This is an example of a form for a non-profit that has strong design.
Water for People's donation page has a clean, modern design that is easy to use by donors. The donation form is easy to use with clickable buttons that make it simple and quick. These two characteristics make the form perfect for increasing the organization's conversion rate to donation pages.
You may want to test an informal A/B testing if you have an updated version of an action webpage that you would like to test. One group of employees from your company should use the old page, while another group will use the new one. Ask both groups to share their experiences. Then, you can use their suggestions to improve your action pages before you push them live. This will increase your conversion rate.
To maximize the value of your website, you must understand and be able to interpret the web engagement data. Continue to review the metrics and measure them on your website. Don't be afraid of learning about other metrics, such as pageviews and session duration.
The more data you have about the performance of your website, the better. Always dig deeper to get a better understanding of the context behind the numbers. Next, you can make improvements to your website so that they are more appealing to your target audience. This is it!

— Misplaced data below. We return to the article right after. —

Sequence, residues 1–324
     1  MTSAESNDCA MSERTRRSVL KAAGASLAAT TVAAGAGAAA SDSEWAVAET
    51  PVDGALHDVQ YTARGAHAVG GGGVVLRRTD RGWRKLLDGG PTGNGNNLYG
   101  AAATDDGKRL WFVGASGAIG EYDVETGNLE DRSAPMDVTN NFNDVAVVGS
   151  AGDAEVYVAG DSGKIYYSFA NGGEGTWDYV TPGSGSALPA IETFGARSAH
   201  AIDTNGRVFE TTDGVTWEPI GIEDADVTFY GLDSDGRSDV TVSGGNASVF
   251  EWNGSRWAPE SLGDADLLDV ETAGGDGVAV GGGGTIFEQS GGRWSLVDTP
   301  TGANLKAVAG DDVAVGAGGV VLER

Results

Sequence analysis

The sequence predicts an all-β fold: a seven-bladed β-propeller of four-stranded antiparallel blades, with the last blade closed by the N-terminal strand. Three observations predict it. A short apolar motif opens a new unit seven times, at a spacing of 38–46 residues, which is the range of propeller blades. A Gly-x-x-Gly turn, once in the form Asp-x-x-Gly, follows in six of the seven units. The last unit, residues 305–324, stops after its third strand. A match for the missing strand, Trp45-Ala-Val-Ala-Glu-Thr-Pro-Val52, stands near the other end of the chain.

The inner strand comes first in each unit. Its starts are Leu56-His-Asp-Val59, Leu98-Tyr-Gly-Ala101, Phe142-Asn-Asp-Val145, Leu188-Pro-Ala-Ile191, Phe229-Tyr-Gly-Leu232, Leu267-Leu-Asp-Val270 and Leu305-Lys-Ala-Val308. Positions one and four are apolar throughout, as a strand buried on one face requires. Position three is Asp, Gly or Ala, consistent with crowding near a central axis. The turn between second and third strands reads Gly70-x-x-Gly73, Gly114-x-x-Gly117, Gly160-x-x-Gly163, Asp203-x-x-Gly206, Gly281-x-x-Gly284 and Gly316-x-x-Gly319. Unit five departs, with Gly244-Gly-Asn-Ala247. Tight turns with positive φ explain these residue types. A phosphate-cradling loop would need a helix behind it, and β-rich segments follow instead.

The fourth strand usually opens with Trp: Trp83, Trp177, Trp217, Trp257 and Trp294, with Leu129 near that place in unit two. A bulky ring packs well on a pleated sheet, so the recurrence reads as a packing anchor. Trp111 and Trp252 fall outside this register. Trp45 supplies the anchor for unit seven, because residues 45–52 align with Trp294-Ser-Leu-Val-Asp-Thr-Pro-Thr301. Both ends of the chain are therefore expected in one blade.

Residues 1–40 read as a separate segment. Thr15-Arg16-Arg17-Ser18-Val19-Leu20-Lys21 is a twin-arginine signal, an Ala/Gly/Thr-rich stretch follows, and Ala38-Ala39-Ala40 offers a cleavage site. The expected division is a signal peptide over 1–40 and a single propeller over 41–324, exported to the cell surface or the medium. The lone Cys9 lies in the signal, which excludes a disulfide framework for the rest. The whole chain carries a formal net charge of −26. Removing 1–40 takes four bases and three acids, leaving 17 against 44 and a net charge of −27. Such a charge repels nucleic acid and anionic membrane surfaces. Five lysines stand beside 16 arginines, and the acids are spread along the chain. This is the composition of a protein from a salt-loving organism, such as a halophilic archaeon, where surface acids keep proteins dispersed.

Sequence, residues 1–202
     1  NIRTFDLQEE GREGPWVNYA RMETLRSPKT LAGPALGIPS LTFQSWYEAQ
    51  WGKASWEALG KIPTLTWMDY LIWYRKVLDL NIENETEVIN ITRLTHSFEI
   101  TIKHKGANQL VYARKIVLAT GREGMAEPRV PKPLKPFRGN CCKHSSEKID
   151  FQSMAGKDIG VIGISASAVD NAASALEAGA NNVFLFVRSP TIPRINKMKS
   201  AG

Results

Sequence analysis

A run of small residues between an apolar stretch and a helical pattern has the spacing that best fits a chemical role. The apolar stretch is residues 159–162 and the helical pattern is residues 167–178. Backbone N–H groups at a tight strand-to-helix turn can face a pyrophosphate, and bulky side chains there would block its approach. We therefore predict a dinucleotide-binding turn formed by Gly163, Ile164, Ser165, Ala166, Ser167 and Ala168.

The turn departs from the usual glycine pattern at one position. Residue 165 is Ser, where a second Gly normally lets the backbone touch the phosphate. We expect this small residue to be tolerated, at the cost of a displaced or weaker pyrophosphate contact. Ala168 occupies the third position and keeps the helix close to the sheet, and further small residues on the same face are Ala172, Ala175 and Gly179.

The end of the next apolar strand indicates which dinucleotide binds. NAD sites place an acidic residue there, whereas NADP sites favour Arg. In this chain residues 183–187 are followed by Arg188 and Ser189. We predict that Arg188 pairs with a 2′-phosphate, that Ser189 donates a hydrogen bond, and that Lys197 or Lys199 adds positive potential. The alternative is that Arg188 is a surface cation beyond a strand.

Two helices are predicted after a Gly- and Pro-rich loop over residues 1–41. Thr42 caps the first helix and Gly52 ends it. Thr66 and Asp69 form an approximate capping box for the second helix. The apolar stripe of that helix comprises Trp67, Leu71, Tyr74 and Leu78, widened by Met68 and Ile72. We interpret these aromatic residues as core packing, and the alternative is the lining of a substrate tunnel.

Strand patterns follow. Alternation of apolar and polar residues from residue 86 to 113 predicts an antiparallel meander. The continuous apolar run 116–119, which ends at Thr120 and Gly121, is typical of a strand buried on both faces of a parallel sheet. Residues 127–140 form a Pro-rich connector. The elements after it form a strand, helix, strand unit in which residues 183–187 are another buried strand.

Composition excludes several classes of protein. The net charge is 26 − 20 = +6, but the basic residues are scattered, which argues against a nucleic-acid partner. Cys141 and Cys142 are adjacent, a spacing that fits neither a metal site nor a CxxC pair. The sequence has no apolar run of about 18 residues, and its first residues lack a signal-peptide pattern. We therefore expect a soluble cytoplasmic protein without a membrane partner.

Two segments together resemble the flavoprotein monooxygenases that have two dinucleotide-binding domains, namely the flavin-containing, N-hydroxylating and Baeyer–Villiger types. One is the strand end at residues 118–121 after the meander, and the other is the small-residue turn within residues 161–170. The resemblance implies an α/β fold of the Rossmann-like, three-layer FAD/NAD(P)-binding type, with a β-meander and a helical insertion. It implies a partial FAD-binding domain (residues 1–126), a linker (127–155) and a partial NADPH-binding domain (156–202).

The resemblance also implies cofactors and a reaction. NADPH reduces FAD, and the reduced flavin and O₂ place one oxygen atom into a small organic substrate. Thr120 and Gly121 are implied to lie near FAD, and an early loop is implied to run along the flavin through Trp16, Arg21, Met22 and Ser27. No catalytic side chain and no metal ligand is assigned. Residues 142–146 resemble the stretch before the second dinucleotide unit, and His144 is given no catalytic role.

Sarah Fargusson, Director of Digital Strategy at Cornershop Creative
Sarah is self-described as a "nonprofit junkie" and has dedicated her career serving the needs in the non-profit sector. Sarah's project management experience includes strategic planning, community engagement and capacity building. She also has extensive fundraising and research experience. She has worked in the non-profit sector for both the Feminist Majority Foundation and the Sadie Nash Leadership Project. Sarah, with her growing non-profit experience, joined Cornershop Creative to share her techie and creative side. She also developed meaningful partnerships to assist her clients in achieving their goals.
Marketing Insider Group's first article was How to Interpret Web Engagement Data to Improve Your Website.
By: Guest Author
Title: How to Interpret Web Engagement Data to Elevate Your Website
Sourced From: marketinginsidergroup.com/content-marketing/how-to-interpret-web-engagement-data-to-elevate-your-website/
Published Date: Mon, 12 Sep 2022 09:30:35 +0000